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Given that $X_{1}, X_{2}, X_{3}...$ is squence of independent random variable, given that $E[X_{n}] = \frac{20}{17}$ and $E[|X_{n}|^3] < 12$, let $\overline{X_{n}} = \frac{X_{1} + X_{2} + ... + X_{n}}{n}$

(a) compute $$\lim_{n \rightarrow \infty} P(\overline{X_{n}} > 16)$$

(b) show that exists $X$ such that $\overline{X_{n}}$ converge to $X$ in $L_{2}$ as $n \rightarrow \infty$, specify the distribution of $X$

The question only says $X_{i}$ independent but need not to be identically distributed(if $i.i.d$ is satisfied then I think CLT can be used here), then what should we do and which theorem should we use? Thanks.

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    $\begingroup$ I suspect where it says $E[|X|^3]$ you mean $E[|X_n|^3]$? $\endgroup$ – joriki Dec 5 '19 at 22:51
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    $\begingroup$ A variant of the CLT can also be used for independent, but non-identical random variables: sjsu.edu/faculty/watkins/CLText.htm Only constraint is that the means and variances of the individual distributions should exist and be bounded. $\endgroup$ – S Prasanth Dec 5 '19 at 23:10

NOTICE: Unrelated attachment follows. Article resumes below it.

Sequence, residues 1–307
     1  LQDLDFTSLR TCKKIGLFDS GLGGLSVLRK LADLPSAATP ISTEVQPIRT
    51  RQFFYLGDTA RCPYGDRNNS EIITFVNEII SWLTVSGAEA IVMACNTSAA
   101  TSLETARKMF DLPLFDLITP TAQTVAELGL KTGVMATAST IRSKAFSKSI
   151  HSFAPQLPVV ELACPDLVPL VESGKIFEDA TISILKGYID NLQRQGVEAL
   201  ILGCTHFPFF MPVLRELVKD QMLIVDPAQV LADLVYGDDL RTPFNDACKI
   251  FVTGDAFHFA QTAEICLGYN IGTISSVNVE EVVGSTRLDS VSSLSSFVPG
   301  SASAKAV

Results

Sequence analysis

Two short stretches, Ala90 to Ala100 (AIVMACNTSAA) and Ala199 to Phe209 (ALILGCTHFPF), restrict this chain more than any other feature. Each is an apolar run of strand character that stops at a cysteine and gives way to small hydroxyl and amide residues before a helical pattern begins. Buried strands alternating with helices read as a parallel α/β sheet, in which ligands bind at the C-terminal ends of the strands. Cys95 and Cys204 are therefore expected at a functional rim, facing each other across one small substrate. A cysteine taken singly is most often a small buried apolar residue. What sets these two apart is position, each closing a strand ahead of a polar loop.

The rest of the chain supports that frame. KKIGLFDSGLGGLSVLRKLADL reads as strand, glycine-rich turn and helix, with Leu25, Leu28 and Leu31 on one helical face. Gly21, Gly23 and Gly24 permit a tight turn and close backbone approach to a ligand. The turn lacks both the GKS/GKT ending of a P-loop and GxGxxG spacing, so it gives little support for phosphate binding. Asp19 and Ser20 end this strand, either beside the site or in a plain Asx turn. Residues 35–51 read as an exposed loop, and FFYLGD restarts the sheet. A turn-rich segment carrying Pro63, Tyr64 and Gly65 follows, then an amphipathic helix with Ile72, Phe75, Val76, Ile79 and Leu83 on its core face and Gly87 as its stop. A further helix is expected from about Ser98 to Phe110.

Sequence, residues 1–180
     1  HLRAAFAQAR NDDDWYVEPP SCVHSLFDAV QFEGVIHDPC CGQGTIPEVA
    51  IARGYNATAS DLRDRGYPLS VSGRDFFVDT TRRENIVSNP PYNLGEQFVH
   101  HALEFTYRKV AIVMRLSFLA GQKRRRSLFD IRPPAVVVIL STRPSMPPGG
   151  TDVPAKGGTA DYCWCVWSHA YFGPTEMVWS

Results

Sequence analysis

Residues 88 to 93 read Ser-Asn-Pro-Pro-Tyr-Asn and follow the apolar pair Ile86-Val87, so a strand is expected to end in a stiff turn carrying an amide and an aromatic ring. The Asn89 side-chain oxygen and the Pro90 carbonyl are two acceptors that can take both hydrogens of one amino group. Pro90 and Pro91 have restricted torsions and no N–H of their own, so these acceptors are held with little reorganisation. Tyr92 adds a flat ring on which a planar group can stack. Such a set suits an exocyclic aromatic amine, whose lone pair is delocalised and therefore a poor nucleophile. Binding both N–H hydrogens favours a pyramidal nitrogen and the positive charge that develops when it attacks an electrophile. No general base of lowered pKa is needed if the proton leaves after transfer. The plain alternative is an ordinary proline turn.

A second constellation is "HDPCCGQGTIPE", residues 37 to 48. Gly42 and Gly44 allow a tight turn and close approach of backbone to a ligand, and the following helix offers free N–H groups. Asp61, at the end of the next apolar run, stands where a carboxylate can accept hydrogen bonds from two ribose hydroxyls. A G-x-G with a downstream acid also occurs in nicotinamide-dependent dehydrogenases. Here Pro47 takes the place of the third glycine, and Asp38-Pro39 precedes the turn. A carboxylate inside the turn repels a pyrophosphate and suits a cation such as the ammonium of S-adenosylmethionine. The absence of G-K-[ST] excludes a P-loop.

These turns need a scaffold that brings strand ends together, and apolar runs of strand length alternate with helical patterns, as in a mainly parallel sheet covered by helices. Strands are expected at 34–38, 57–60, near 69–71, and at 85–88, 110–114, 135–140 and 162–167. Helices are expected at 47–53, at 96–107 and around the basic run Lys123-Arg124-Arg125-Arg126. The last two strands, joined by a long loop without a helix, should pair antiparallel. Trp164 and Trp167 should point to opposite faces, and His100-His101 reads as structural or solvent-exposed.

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    $\begingroup$ The existence of $E[|X_n|^3]$ implies the existence of $E[|X_n|^2]$ (and hence the variance) for each $n$, as mentioned here: en.wikipedia.org/wiki/Moment_(mathematics) (search for "moment about any point exists" on that page). Not only does the variance exist, it is also bounded: Theorem 3.1 equation 3.3 here: kurims.kyoto-u.ac.jp/EMIS/journals/JIPAM/images/040_04_JIPAM/… $\endgroup$ – S Prasanth Dec 5 '19 at 23:10
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Answer for b): $EX_n^{2} \leq (E|X_n|^{3})^{2/3} \leq (12)^{2/3}$. Hence $var(\overline {X_n})=\frac 1 {n^{2}} \sum\limits_{k=1}^{n} var(X_k) \leq \frac 1 n ((12)^{2/3}-(\frac {20} {17})^{2}) \to 0$. Thus $E(\overline {X_n}-\frac {20} {17})^{2} \to 0$. Hence $\overline {X_n} \to \frac {20} {17}$ in $L^{2}$.

Answer for a): By b) $\overline {X_n} \to \frac {20} {17}$ in probability so the limit is $0$.

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  • $\begingroup$ So we shall say the sample mean converges to a constant distribution? $\endgroup$ – TrueWarrior09 Dec 6 '19 at 1:51
  • $\begingroup$ Yes, it converges to $\frac {20} {17}$. @TrueWarrior09 $\endgroup$ – Kavi Rama Murthy Dec 6 '19 at 5:19
  • $\begingroup$ Thank you. @Kabo Murphy $\endgroup$ – TrueWarrior09 Dec 6 '19 at 5:20

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